Ultra-wealthy home buyers both in the U.S. and overseas are awake to Los Angeles County’s status as a hub of commerce, technology, entertainment and culture, making it increasingly attractive, according to some of the county’s top residential real estate agents.

Would-be property owners from Asia, Europe and South America have been gobbling up local luxury homes for the past several years.

Now, U.S. buyers from outside L.A. County have stepped up their game, agents said.

“What we’ve seen really change in the last two years dramatically is it’s become a local market – 75 percent of buyers are American,” said Rochelle Maize of the Hollywood-based Nourmand & Associates.

Maize’s $252 million in local sales volume last year was enough to earn her the No. 14 spot on the Business Journal’s list of top residential real estate agents. Each agent is ranked by dollar volume of local sales.

Los Angeles’s reputation for being hubs for entertainment and good weather isn’t exactly news.

What is different is that luxury home buyers have been looking here. By comparison, Manhattan’s real estate sales plunged 25 percent year over year in the first quarter of 2018, their largest drop in six years, according to a report from brokerage Douglas Elliman and appraisal firm Miller Samuel.

Kurt Rappaport, co-founder of Westside Estate Agency in Beverly Hills, said Los Angeles “lacked soul” in the past. Rappaport, who has been the real estate agent for notables such as Dr. Dre and Ellen DeGeneres, was ranked No. 1 on the Business Journal’s list with $733 million in local sales volume.

Tinseltown to Techtown

The market has changed in recent years, with various causes and results. A vibrant base of tech complement has provided an eye-catching sector to complement the traditional buzz of Hollywood. The change includes the emergence of companies such as Space Exploration Technologies Corp., as well as some blends of the tech and entertainment sector, with outfits such as Amazon.com Inc. and Netflix Inc. establishing studios here.

A revitalization of the sports scene here has helped, too, according to Santiago Arana of The Agency of Beverly Hills. Arana was ranked No. 6 on the list with $421 million in local sales volume last year, more than double his 2016 total.

That trend has been pushed along by the arrival in recent years of two professional football teams and the ongoing construction of Los Angeles Stadium at Hollywood Park in Inglewood, the future home of the Los Angeles Rams and Los Angeles Chargers.

Banc of California Stadium in Exposition Park just opened as home to a second professional soccer club in the area. The 2020 Major League Baseball All-Star Game will be played at Dodger Stadium, the 2022 Super Bowl is set for the Inglewood stadium, and the 2028 Summer Olympics will ensure a high profile for Los Angeles on the domestic and international sports maps.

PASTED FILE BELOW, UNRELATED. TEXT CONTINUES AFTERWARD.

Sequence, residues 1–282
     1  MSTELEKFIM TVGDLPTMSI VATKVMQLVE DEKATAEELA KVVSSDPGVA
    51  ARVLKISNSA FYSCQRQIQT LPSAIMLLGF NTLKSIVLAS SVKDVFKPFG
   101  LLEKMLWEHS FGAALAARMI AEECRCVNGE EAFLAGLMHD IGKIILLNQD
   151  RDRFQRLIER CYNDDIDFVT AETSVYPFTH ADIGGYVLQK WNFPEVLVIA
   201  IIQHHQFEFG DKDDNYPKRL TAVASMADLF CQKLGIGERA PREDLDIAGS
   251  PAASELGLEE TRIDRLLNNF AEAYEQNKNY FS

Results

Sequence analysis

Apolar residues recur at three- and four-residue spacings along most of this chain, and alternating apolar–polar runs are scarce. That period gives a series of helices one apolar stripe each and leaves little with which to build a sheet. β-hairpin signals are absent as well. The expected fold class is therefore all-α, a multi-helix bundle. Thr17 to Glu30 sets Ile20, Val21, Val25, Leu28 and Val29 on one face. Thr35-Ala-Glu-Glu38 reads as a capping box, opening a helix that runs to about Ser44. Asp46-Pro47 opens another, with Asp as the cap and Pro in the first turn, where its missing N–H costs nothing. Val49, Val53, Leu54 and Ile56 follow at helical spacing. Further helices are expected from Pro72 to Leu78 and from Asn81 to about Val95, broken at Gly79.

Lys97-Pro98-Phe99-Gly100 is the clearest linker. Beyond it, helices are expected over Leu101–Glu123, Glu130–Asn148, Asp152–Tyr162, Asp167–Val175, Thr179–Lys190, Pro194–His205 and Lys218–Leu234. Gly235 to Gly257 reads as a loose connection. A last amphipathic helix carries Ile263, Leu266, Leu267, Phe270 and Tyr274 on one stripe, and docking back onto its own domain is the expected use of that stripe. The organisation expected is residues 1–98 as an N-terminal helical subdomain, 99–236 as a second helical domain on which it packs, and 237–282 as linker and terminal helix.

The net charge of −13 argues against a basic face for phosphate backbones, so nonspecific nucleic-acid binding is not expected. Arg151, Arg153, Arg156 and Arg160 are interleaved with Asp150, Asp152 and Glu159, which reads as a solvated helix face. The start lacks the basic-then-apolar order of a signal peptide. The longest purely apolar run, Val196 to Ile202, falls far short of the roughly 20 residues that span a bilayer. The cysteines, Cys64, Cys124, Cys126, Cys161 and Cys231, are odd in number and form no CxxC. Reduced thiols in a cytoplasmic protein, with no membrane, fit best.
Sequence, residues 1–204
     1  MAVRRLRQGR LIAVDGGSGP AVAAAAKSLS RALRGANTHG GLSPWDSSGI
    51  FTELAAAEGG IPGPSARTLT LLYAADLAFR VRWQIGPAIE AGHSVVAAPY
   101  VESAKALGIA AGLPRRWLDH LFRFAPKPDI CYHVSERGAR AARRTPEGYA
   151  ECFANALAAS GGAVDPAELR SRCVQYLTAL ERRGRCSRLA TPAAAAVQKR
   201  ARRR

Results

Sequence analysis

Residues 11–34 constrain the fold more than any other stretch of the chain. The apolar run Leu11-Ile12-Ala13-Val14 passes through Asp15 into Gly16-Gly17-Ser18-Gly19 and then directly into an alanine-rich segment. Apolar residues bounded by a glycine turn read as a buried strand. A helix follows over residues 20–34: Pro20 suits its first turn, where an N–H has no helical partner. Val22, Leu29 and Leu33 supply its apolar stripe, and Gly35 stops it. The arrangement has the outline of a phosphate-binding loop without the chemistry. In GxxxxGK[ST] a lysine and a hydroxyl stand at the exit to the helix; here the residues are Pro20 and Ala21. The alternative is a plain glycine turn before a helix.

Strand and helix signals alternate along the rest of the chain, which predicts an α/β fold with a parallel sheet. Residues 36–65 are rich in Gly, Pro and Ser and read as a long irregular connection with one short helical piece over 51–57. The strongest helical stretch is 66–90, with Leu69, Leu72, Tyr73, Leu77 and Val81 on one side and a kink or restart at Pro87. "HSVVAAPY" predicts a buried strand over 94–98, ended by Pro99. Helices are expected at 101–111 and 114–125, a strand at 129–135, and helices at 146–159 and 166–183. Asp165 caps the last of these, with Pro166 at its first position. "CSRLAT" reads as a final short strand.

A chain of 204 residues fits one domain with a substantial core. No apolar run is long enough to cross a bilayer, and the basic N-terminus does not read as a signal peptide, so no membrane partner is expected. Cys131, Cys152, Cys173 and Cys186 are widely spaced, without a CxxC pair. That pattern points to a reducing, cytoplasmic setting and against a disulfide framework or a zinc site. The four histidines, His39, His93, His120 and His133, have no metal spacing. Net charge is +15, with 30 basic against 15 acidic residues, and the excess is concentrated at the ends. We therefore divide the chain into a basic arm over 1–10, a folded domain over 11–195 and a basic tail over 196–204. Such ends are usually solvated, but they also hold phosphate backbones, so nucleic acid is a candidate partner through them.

Throw in long-standing benefits such as good weather and world-class museums entertainment options and the equation on Los Angeles has changed for a lot of high-end visitors-turn-buyers.

“People don’t want to come to just visit L.A. anymore,” said Arana of The Agency. “They want to own real estate here.”

Los Angeles remains an expensive place to live for most people. The median sale price of a home in Los Angeles County was $580,000 in February, according to CoreLogic Inc.. The national median home sales price during the first quarter of 2018 was $328,000, according to the Federal Reserve Bank of St. Louis.

Some Southern California cities have more renters than homeowners as middle-income workers are priced out of the market.

Some high-end realtors offer a different perspective.

“If you take L.A. as a city and compare it to other major cities in the world, we’re still relatively cheap,” said James Harris, who along with his colleague, David Parnes, of The Agency of Beverly Hills, was ranked No. 12 on the list.

An example: a luxury penthouse apartment near New York’s Central Park can cost buyers more than $10,000 per square foot while luxe abodes in Los Angeles – often detached residences – average around $3,000 per square foot.

“It still represents incredibly good value compared to New York or Miami,” Parnes said. “Here, you own land for the most part.”

Headwinds

The challenges facing the sector depend on the income level of the homebuyers. The wealthy have more of a cushion to withstand rising interest rates, and tend to not be as dependent on websites run by firms such as Zillow Group Inc. or Redfin when purchasing second or third homes.

“They (such websites) are a big threat in the lower-end sector where the product type is cookie cutter and very comparable to the competition,” said Tyrone McKillen of Hilton & Hyland in Beverly Hills, who was ranked No. 9 on the list.

But technology can only do so much, agents said.

“You’re not going to take away the human element,” said Sally Forster Jones, ranked No. 8, of Beverly Hills-based Compass. “Residential real estate is emotional.”

Other potential headwinds include the new federal tax law limiting the deduction of state and local taxes to $10,000, which will hit high-earners in California, though its effects likely won’t be felt in earnest until next year, according to Stephanie Younger, ranked No. 15, of Compass.

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